A crucial facet of the counter-narratives shared here revolves around the unanimous experience of identifiable Muslim Americans when engaging with conversations about terrorist attacks, bombings, shootings, and 9/11. Muslim American youth continue to bear the weight of representing an entire faith on their young but resilient shoulders. Navigating their identities in spaces fraught with stereotypes of demonization and oppression remains a recurring experience for them. These counter-narratives are derived from a comprehensive study over several years involving 15 female Muslim American students, offering a glimpse into the lives of resilient yet consistently marginalized youth.
Rahmah – tensions with 9/11 Remembrance
During each 9/11 Remembrance Day at high school, Rahmah* consistently experienced a palpable tension in the room due to her Muslim identity. According to Rahmah, “everybody would not look at me, but you could tell there’s some tension even though I have nothing to do with the 9/11 attacks, but you could still sense that tension … I never looked forward to 9/11 because the energy was definitely awkward and just very uncomfortable … because people know your religion … even though I have nothing, no relation to it.” She went on to express that “they would play videos about 9/11 and then they would say ‘Muslim terrorists’ and this was uncomfortable, because they used those two words together and I was associated with one of those words.”
Mehar – experience of microaggressions
During her high school years, Mehar* encountered microaggressions, such as being subjected to stares, laughter, and hearing people openly express pro-gun and pro-Trump sentiments in her presence. On occasions, especially at night, she experienced a sense of insecurity due to her hijab. Mehar vividly recalls instances when “some guys were screaming salaam or things about blowing up – those were times when I’ve been genuinely afraid.”
Samreen – doesn’t feel right to be judged
When discussions about 9/11 arise, Samreen* expressed, “I always feel like people are staring at me, and I think, oh no, this is about me, although it’s really not. I wasn’t there (when it happened). This is an idea that always annoys me, just because a group of Muslims did something wrong, they say all Muslims are doing wrong, and I feel because you’re Muslim, it’s kind of your fault.” In the wake of acts of violence, Samreen’s initial concern is whether the perpetrator is “Muslim or Christian? Because I’m afraid of people’s perception of what Islam is and who Muslims are, because I don’t want to ever be afraid of being who I am.” She emphasized, “I have done nothing wrong, but all of a sudden, to be seen as someone who does something wrong just because of what I believe in or my beliefs, it just doesn’t feel right to me; it doesn’t sit well, and it scares me knowing that I could be judged based off of this.”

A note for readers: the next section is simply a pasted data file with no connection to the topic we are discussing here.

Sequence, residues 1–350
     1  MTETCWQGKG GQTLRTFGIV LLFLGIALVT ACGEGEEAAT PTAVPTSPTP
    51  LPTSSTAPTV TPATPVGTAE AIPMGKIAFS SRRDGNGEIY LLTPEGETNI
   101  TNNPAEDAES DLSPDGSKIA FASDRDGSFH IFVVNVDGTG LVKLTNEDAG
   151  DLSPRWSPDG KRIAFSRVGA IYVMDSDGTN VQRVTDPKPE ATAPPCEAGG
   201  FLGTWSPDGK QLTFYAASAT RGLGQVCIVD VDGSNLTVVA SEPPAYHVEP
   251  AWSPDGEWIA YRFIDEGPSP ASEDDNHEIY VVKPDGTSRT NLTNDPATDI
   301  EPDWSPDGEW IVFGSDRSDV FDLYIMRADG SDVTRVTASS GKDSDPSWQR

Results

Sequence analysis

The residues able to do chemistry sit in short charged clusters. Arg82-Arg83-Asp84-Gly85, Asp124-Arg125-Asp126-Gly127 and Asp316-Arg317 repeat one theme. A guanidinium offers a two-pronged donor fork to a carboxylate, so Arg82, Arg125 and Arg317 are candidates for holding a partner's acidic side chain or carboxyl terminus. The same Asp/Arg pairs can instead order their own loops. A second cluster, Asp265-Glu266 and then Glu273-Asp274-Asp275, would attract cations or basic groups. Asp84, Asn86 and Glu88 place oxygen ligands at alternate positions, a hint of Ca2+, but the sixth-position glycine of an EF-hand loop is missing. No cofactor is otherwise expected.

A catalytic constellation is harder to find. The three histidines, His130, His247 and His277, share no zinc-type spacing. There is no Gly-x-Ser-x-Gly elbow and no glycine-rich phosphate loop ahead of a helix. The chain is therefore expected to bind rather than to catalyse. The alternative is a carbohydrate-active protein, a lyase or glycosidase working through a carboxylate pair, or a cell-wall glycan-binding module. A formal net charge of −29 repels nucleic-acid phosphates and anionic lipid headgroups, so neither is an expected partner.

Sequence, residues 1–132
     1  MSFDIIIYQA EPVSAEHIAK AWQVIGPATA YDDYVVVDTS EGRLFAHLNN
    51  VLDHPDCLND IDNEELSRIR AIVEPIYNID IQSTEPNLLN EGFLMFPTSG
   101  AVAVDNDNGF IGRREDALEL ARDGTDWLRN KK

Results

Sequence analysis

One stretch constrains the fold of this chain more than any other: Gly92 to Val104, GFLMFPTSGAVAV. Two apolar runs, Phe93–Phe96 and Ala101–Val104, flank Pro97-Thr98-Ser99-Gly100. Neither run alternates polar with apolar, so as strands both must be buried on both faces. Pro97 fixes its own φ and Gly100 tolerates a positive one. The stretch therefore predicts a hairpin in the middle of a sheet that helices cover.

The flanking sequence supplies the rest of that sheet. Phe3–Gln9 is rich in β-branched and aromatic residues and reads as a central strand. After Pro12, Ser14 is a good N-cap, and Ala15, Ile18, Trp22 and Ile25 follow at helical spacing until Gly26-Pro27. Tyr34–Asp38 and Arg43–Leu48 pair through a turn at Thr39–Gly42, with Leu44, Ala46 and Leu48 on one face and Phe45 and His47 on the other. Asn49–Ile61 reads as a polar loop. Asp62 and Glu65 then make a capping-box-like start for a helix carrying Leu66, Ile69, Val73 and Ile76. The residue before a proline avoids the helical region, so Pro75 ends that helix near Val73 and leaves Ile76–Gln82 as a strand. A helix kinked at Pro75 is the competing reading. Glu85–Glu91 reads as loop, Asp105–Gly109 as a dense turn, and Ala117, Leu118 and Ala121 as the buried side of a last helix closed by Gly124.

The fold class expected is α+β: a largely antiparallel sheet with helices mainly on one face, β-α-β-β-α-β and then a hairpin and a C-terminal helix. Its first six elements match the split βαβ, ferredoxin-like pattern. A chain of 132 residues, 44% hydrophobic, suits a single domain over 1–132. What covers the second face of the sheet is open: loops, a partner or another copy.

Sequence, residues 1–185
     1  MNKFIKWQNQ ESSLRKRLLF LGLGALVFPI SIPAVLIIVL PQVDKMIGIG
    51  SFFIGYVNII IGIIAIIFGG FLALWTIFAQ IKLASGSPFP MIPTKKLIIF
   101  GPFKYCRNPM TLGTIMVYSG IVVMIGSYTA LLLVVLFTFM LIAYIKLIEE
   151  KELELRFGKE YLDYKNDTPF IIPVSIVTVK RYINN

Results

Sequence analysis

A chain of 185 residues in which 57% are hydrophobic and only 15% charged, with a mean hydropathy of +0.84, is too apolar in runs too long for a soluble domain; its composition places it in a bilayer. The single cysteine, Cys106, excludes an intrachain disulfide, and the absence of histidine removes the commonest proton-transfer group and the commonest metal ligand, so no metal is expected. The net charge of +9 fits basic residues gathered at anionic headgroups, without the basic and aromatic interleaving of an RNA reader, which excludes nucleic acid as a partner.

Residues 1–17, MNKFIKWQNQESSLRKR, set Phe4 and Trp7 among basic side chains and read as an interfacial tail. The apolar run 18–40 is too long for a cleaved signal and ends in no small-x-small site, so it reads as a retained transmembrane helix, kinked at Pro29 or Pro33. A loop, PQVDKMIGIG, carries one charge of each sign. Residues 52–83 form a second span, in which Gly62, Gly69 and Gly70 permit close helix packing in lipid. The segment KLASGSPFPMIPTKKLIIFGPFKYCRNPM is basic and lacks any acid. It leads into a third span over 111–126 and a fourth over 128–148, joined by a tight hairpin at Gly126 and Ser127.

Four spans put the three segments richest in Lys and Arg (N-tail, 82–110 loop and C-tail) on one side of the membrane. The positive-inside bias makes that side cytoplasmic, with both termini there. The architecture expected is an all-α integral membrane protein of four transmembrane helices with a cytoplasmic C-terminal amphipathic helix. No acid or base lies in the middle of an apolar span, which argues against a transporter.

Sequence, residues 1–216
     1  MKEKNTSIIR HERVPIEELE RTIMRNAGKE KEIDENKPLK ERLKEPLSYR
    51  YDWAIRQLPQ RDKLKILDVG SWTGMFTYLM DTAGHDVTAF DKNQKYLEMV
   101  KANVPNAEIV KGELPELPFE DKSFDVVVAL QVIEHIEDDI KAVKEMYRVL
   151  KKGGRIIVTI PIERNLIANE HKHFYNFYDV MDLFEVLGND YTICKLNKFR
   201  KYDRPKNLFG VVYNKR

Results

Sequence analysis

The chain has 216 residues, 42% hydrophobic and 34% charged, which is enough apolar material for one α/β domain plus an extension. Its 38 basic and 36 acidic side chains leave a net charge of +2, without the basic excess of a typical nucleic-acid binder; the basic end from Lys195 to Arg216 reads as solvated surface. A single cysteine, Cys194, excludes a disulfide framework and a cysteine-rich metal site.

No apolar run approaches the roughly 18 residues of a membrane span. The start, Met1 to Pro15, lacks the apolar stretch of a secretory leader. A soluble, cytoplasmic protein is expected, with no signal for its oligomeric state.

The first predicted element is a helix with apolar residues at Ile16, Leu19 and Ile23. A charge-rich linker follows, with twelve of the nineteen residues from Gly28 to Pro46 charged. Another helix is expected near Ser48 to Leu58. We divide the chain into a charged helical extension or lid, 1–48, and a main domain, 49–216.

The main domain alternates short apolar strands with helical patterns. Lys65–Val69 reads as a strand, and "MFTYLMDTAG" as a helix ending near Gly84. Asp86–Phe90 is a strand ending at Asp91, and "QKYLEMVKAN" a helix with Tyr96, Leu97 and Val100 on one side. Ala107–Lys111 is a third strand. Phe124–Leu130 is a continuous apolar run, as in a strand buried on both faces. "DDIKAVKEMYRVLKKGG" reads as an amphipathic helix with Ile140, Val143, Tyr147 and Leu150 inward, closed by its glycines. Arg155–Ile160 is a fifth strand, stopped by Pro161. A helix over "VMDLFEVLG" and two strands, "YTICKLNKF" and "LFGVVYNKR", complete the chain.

Ayesha – an unjust burden
Ayesha* found it unjust to bear this burden, expressing, “I feel like people should already know how to separate that, but having to explain it and tell people that constantly is tiring.” On occasions when 9/11 was discussed, she recounted, “I would get stares in the classroom. I don’t know if they were doing it on purpose, but it was definitely something I experienced year after year.”
Presence of racialized discrimination and social repercussions
In these narratives, we witness the pervasive presence of racialized discrimination directed at this marginalized community. The individuals recounted in detail the harmful and demeaning stereotypes perpetuated in popular media and literature.
Some participants described encounters with perceptions of undemocratic inclinations leading to oppressive measures and associations with terrorism. These interviews revealed instances of microaggressions and outright discrimination within their educational environments.
Nearly all participants expressed the discomfort and weight imposed by the aftermath of 9/11 on their everyday lives. Frequently, they find themselves compelled to provide explanations and extend apologies on behalf of the entire Muslim world in response to isolated acts of terrorism. The participants articulated the social repercussions stemming from a political climate inflamed by hatred.
*Names have been changed.
Disclosure: MyAsianVoice is committed to publishing original and third-party content that is relevant and useful to the Asian female. The content posted are strictly the views of the author’s own and does not reflect the views of MyAsianVoice.
MusCrit, a subset of Critical Race Theory for understanding the lived experiences of Muslim Americans
Civil Right Reports, The Council on American-Islamic Relations (CAIR)